Who knew taking tiger selfies was such a trend?
Apparently, getting up close and camera ready with big cats has become such a huge craze that the state of New York has passed a law banning the snap-happy move after animal rights advocates raised concerns.
Gov. Andrew Cuomo signed in a law last week prohibiting direct contact between members of the public and big cats at traveling animal shows and fairs, reported the Associated Press via ABCNews.com. Animal exhibitors will face harsh fines for each violation.
The aim is to put a stop to so-called tiger selfies that have flooded the Internet, with foolish posers getting dangerously close to wild animals in order to get that perfect pic.
Wildlife advocates even claim that the big cat photo bomb craze encourages the mistreatment of endangered animals.
"They breed the cubs, use them for photo-ops, and then when they can't use them they breed more," said Carole Baskin, founder and CEO of Big Cat Rescue, a Tampa, FL. sanctuary that has more than 100 big cats. "Taking the cub away is a misery to the cub and the mother, and the cubs aren't fed properly. They don't sell tiger milk at the pet store."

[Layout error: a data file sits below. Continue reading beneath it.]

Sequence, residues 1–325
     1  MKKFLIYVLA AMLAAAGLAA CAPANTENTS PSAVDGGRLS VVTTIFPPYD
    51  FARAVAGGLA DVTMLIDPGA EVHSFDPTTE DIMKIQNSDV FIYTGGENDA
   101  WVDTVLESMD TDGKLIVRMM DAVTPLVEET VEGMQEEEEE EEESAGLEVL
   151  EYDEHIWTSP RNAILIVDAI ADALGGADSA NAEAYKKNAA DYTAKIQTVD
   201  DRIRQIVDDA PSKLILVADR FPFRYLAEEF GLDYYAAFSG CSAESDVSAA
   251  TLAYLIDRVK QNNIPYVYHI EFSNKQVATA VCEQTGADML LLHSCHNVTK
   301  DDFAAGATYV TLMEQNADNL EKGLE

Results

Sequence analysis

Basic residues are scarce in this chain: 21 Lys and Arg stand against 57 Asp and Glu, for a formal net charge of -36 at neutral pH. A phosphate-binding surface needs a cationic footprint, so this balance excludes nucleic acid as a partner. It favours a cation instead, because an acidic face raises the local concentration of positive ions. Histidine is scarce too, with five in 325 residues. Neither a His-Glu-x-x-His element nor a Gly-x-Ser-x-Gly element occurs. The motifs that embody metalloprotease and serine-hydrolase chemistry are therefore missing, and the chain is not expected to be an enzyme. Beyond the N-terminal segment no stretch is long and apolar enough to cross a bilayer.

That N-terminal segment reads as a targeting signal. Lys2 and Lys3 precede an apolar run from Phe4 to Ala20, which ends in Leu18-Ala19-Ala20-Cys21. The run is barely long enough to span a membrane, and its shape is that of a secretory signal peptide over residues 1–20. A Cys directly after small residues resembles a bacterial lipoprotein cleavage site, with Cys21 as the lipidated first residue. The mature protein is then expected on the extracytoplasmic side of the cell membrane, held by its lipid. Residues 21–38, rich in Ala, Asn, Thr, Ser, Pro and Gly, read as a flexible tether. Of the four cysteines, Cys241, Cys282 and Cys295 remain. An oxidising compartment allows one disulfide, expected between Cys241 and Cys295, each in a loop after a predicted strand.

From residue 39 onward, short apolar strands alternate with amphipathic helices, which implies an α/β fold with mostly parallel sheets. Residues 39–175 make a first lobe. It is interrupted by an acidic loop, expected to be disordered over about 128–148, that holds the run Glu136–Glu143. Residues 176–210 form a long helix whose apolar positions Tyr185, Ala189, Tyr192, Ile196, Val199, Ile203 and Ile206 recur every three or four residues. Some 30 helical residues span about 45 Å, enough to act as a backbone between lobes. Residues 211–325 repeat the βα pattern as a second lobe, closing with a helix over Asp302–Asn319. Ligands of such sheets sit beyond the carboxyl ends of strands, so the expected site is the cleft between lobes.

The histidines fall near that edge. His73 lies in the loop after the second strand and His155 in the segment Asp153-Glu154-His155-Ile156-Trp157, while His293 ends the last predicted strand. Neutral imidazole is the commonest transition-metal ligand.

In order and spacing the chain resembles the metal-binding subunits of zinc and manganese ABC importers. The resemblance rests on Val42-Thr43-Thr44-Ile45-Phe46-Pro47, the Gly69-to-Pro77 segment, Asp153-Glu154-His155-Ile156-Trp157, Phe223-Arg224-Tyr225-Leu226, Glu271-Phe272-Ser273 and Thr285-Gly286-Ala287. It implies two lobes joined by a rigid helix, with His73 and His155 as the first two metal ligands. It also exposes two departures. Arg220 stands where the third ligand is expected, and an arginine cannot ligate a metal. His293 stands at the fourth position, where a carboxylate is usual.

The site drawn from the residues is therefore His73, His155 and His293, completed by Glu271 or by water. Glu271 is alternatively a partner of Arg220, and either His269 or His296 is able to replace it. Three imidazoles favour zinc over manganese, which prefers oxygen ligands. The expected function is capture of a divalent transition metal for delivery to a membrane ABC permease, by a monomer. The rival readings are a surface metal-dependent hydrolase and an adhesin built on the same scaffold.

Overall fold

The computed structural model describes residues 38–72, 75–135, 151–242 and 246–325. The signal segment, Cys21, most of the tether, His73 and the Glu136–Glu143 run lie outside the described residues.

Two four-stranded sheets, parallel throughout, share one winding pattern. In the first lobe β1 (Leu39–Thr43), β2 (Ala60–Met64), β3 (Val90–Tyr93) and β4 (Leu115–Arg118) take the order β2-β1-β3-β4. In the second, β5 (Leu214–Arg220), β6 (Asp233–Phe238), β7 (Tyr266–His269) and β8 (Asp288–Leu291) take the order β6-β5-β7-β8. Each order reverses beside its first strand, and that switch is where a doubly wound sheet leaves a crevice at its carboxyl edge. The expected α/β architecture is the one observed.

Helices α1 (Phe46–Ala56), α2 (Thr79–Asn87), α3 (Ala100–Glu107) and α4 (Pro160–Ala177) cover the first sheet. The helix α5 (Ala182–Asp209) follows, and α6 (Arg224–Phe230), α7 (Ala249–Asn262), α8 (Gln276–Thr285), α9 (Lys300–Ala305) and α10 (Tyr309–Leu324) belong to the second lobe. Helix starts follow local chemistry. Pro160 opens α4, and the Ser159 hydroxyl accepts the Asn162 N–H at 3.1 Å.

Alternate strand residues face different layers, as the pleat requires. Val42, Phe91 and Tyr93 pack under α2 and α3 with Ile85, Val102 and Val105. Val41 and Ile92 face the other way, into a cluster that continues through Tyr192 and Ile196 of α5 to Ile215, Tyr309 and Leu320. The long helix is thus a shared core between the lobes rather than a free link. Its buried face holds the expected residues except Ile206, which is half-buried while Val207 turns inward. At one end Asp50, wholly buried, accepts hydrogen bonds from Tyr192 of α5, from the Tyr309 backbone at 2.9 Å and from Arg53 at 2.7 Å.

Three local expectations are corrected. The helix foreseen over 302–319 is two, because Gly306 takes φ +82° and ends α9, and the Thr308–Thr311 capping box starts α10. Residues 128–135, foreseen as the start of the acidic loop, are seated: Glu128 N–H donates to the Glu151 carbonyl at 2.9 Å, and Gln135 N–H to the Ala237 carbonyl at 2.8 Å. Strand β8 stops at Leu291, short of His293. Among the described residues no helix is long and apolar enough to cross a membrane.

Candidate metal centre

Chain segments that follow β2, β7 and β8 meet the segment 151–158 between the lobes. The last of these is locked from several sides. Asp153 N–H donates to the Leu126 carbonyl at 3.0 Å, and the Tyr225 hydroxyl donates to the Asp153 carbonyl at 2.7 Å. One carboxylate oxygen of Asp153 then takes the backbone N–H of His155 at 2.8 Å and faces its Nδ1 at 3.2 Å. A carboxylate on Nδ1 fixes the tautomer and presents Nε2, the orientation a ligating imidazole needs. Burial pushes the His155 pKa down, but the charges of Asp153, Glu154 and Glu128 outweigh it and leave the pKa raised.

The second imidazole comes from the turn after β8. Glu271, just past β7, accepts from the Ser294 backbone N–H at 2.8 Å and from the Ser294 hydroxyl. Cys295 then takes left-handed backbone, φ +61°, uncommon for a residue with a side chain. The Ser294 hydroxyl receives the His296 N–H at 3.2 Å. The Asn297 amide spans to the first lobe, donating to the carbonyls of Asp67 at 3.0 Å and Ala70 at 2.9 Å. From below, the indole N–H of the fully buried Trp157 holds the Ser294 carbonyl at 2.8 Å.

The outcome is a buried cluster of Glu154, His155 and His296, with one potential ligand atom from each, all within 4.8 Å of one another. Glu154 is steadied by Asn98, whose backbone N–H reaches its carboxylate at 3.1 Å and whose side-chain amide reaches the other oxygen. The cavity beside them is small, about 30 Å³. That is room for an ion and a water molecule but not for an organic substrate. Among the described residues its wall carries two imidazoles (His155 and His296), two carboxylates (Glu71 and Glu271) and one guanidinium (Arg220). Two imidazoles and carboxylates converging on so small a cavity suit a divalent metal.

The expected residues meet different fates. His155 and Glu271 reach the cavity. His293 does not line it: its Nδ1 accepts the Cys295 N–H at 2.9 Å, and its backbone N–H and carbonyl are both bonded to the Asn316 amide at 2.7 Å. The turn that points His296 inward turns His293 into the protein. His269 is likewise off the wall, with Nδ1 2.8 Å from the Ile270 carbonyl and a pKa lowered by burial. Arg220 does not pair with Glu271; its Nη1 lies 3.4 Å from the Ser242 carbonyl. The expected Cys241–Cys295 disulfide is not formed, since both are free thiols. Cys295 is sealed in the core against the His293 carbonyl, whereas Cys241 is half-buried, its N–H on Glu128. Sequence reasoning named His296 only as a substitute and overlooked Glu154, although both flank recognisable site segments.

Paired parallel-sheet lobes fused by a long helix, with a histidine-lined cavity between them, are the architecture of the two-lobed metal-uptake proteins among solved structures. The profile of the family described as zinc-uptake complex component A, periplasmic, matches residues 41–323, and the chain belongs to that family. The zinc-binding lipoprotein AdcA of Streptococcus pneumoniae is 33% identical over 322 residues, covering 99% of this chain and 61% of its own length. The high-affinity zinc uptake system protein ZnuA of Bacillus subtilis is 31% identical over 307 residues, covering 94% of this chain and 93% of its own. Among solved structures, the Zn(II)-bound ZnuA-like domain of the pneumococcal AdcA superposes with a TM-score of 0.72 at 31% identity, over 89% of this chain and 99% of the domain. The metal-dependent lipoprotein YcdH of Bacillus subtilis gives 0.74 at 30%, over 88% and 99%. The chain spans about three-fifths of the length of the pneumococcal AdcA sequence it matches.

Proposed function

There are similar laws already in place in Mississippi, Arizona and Kansas, where a 17-year-old was killed in 2005 by a tiger she was posing with for her senior photo.
Haley Hilderbrand, 17, was visiting the Lost Creek Animal Sanctuary in Mound Valley, where high school students had gone for years to pose for their class photos amidst the exotic animals and greenery. However, on this occasion, the Siberian Tiger she picked to be her photo prop flipped out and mauled her to death.
Fortunately for James Franco, the tiger he posed with earlier this year seemed as enamored of him as the actor's millions of female fans are—staring adoringly at him in an Instagram selfie Franco posted, captioned, ”My CO-STAR on the FORD commercial."
Unfortunately for James Franco however, animal rights groups were not so enamored with him, Ford, or the ad creators, for using a real live tiger in order to hawk cars.